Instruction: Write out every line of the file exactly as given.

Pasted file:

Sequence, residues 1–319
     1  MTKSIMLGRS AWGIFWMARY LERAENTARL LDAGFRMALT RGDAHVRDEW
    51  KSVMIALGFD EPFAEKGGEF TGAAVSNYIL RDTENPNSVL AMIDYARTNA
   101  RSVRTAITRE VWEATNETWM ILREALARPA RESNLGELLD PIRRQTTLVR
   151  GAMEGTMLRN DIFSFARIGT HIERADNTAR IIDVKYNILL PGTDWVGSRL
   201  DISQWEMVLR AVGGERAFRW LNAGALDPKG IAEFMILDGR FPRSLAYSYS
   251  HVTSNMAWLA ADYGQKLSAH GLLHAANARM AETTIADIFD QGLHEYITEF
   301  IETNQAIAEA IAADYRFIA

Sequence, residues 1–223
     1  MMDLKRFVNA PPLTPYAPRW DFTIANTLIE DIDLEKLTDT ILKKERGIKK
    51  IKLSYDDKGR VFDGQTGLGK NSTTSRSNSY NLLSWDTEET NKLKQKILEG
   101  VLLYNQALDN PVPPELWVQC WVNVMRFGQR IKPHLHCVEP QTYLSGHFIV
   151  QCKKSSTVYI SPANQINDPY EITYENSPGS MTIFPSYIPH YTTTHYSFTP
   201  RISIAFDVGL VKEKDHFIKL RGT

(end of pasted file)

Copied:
Sequence, residues 1–319
     1  MTKSIMLGRS AWGIFWMARY LERAENTARL LDAGFRMALT RGDAHVRDEW
    51  KSVMIALGFD EPFAEKGGEF TGAAVSNYIL RDTENPNSVL AMIDYARTNA
   101  RSVRTAITRE VWEATNETWM ILREALARPA RESNLGELLD PIRRQTTLVR
   151  GAMEGTMLRN DIFSFARIGT HIERADNTAR IIDVKYNILL PGTDWVGSRL
   201  DISQWEMVLR AVGGERAFRW LNAGALDPKG IAEFMILDGR FPRSLAYSYS
   251  HVTSNMAWLA ADYGQKLSAH GLLHAANARM AETTIADIFD QGLHEYITEF
   301  IETNQAIAEA IAADYRFIA

Sequence, residues 1–223
     1  MMDLKRFVNA PPLTPYAPRW DFTIANTLIE DIDLEKLTDT ILKKERGIKK
    51  IKLSYDDKGR VFDGQTGLGK NSTTSRSNSY NLLSWDTEET NKLKQKILEG
   101  VLLYNQALDN PVPPELWVQC WVNVMRFGQR IKPHLHCVEP QTYLSGHFIV
   151  QCKKSSTVYI SPANQINDPY EITYENSPGS MTIFPSYIPH YTTTHYSFTP
   201  RISIAFDVGL VKEKDHFIKL RGT